Abnormal regulation of the oestrogen receptor in benign breast lesions.
AuthorsShoker, B S
Clarke, Robert B
Davies, M P
Sibson, D R
Sloane, J P
AffiliationDepartment of Pathology, University of Liverpool, UK. b.s.shoker@Liverpool.ac.uk
MetadataShow full item record
AbstractBACKGROUND: In normal breast tissue the oestrogen receptor (ER) and the proliferation associated antigen Ki67 are negatively associated, indicating that ER+ cells are non-dividing, or that the receptor is downregulated as cells enter cycle. This relation is completely or partially lost in many ER+ breast cancers and in in situ proliferations associated with an increased cancer risk, where coexpression of the two markers is often found. AIMS: To determine whether similar changes can be identified in other risk associated breast lesions. PATIENTS/METHODS: Paraffin wax blocks from 12 cases of lactational change, 21 apocrine metaplasias, 22 duct ectasias, 20 sclerosing adenosis, 20 fibroadenomas, 19 phyllodes tumours, 20 radial scars, 21 papillomas (15 solitary and six multiple), 15 gynaecomastias, and nine postmortem male breast tissues were retrieved. Immunohistochemistry was used to determine the expression of ER and dual labelling immunofluorescence was used to detect cells expressing both ER and Ki67. RESULTS: Increased numbers of ER+ cells were seen in sclerosing adenosis, radial scars, papillomas, fibroadenomas, and phyllodes tumours but not in apocrine cysts (where no ER+ cells were detected) or duct ectasia (where normal numbers were found). As in the normal breast, the proportion of ER+ cells increased with age in all lesions with the exception of fibroadenomas. Coexpression of ER and Ki67 was found in an increased proportion of cells of all risk associated lesions studied. ER+ cells were less likely to be dividing than ER- cells in all cases, although this was significant only for sclerosing adenosis. The data on sclerosing adenosis, radial scars, papillomas, and fibroadenomas are comparable with those reported previously in hyperplasia of usual type, whereas those in duct ectasia are similar to those of the normal breast. The findings in all lesions, however, differed from those in ductal carcinoma in situ, where proportions of ER+ and ER+/Ki67+ cells are higher and the relation between ER+ cell numbers and age is lost. Thus, the nature and degree of dysregulation of ER in benign breast lesions is broadly in accordance with the degree of risk of developing breast cancer with which they are associated. In gynaecomastia, the proportions of ER+ and ER+/Ki67+ cells were comparable with those seen in benign female breast lesions, but changes with age were not observed. However, the changes in gynaecomastia were similar to those seen in normal male breast. CONCLUSION: These findings are in keeping with the contention that the dissociation of ER and Ki67 expression is a very early change in the pathway to many breast cancers. However, this change might only have preneoplastic importance in the hormonal milieu of the female breast.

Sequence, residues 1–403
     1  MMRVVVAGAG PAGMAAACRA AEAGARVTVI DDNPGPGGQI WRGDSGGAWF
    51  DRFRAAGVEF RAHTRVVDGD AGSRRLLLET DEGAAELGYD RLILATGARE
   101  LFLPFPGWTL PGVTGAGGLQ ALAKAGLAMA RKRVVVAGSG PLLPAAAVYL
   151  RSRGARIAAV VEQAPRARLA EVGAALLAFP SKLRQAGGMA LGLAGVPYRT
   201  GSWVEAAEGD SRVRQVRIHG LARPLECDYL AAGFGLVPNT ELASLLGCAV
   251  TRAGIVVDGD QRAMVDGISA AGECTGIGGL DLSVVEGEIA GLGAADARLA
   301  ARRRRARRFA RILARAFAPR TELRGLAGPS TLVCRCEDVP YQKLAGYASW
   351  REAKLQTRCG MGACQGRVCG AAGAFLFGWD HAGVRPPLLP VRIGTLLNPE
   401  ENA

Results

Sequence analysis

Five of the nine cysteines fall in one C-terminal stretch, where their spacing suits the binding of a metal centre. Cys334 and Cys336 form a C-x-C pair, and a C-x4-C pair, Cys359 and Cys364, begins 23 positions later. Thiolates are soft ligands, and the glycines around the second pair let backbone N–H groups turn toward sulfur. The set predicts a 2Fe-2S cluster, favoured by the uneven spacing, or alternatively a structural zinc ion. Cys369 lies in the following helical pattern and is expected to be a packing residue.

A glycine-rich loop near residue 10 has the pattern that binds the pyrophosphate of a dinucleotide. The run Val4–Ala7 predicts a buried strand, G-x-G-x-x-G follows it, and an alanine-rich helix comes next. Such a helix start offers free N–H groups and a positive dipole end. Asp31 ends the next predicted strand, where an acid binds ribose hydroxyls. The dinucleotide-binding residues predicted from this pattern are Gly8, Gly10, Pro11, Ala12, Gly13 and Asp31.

CitationAbnormal regulation of the oestrogen receptor in benign breast lesions. 2000, 53 (10):778-83 J. Clin. Pathol.
JournalJournal of Clinical Pathology